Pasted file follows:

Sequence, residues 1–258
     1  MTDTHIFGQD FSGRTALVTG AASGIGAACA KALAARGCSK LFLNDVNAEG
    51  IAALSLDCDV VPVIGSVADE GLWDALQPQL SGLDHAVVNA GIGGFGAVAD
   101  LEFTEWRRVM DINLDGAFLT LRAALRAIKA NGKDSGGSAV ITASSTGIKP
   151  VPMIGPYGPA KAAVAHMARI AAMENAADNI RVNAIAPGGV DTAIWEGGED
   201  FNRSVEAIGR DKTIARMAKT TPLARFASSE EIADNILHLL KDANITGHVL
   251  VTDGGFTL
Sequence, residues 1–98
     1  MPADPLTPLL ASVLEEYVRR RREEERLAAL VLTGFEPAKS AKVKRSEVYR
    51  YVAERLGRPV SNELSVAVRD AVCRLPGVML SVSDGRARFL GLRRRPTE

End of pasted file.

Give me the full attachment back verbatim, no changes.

Sequence, residues 1–258
     1  MTDTHIFGQD FSGRTALVTG AASGIGAACA KALAARGCSK LFLNDVNAEG
    51  IAALSLDCDV VPVIGSVADE GLWDALQPQL SGLDHAVVNA GIGGFGAVAD
   101  LEFTEWRRVM DINLDGAFLT LRAALRAIKA NGKDSGGSAV ITASSTGIKP
   151  VPMIGPYGPA KAAVAHMARI AAMENAADNI RVNAIAPGGV DTAIWEGGED
   201  FNRSVEAIGR DKTIARMAKT TPLARFASSE EIADNILHLL KDANITGHVL
   251  VTDGGFTL
Sequence, residues 1–98
     1  MPADPLTPLL ASVLEEYVRR RREEERLAAL VLTGFEPAKS AKVKRSEVYR
    51  YVAERLGRPV SNELSVAVRD AVCRLPGVML SVSDGRARFL GLRRRPTE